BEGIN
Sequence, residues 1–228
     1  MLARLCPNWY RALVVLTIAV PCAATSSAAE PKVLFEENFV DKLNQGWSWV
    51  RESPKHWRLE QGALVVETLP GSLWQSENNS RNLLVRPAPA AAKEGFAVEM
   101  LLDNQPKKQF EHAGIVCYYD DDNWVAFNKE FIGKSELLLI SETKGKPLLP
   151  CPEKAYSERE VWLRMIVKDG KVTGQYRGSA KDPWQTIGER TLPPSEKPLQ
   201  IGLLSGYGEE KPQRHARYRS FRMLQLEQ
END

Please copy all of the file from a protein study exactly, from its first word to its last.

Sequence, residues 1–228
     1  MLARLCPNWY RALVVLTIAV PCAATSSAAE PKVLFEENFV DKLNQGWSWV
    51  RESPKHWRLE QGALVVETLP GSLWQSENNS RNLLVRPAPA AAKEGFAVEM
   101  LLDNQPKKQF EHAGIVCYYD DDNWVAFNKE FIGKSELLLI SETKGKPLLP
   151  CPEKAYSERE VWLRMIVKDG KVTGQYRGSA KDPWQTIGER TLPPSEKPLQ
   201  IGLLSGYGEE KPQRHARYRS FRMLQLEQ